Tuesday, February 26, 2013
Knights of the Golden Circle: Secret Empire, Southern Secession, Civil War
Sent: 13 February 2013 21:07
Subject: LSU Press to Release "Knights of the Golden Circle: Secret Empire,
FOR IMMEDIATE RELEASE: February 13, 2013
Contact: Erin Rolfs
LSU Press to Release "Knights of the Golden Circle: Secret Empire, Southern
Secession, Civil War"
Book Traces Expansion of Nineteenth-Century Secret Southern Society
Baton Rouge—Based on years of exhaustive and meticulous research, David C.
Keehn’s study provides the first comprehensive analysis of the Knights of the
Golden Circle, a secret southern society that initially sought to establish a
slave-holding empire in the “Golden Circle” region of Mexico, the Caribbean,
and Central America. Keehn reveals the origins, rituals, structure, and complex
history of this mysterious group, including its later involvement in the
secession movement. Members supported southern governors in precipitating
disunion, filled the ranks of the nascent Confederate Army, and organized
rearguard actions during the Civil War.
The Knights of the Golden Circle emerged in 1858 when a secret society formed
by a Cincinnati businessman merged with the pro-expansionist Order of the Lone
Star, which already had 15,000 members. In 1860, during their first attempt to
create the Golden Circle, several thousand Knights assembled in southern Texas
to “colonize” northern Mexico. Due to insufficient resources and organizational
shortfalls, however, that filibuster failed. Later, the Knights shifted their
focus and began pushing for disunion, spearheading prosecession rallies, and
intimidating Unionists in the South.
According to Keehn, the Knights likely carried out a variety of other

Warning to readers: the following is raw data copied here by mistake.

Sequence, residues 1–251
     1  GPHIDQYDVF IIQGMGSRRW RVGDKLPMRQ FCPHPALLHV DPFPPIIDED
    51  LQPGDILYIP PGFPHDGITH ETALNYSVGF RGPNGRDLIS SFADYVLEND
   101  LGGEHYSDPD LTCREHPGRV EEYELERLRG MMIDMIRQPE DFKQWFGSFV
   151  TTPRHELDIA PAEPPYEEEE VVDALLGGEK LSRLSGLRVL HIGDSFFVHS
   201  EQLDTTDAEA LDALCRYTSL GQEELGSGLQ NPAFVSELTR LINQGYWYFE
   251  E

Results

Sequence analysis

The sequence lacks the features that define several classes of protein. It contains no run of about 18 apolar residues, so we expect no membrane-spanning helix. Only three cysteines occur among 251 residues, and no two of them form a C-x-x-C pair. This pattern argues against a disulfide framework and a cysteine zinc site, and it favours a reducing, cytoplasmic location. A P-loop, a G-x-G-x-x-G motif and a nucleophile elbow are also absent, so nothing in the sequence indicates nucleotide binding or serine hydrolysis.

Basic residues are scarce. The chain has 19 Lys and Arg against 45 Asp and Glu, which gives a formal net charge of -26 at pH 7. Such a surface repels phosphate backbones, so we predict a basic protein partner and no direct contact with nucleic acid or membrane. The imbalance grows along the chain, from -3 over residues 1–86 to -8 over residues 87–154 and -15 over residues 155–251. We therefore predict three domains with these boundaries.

clandestine actions before the Civil War, including attempts by insurgents to
take over federal forts in Virginia and North Carolina, and a planned
assassination of Abraham Lincoln as he passed through Baltimore in early 1861
on the way to his inauguration. Once the fighting began, the Knights helped
build the emerging Confederate Army and assisted with the pro-Confederate
Copperhead movement in northern states. With the war all but lost, various
Knights supported one of their members, John Wilkes Booth, in his plot to
assassinate President Lincoln.
Keehn’s fast-paced, engaging narrative demonstrates that the Knights' influence
proved more substantial than historians have traditionally assumed and provides
a new perspective on southern secession and the outbreak of the Civil War.
David C. Keehn is an attorney from Allentown, Pennsylvania, with a history
degree from Gettysburg College and a juris doctorate from the University of
April 15, 2013
328 pages, 6 x 9, 41 halftones
Bruce E. Baker
Senior Lecturer in United States History
Royal Holloway, University of London
List Editor, H-SOUTH
Co-Editor, American Nineteenth Century History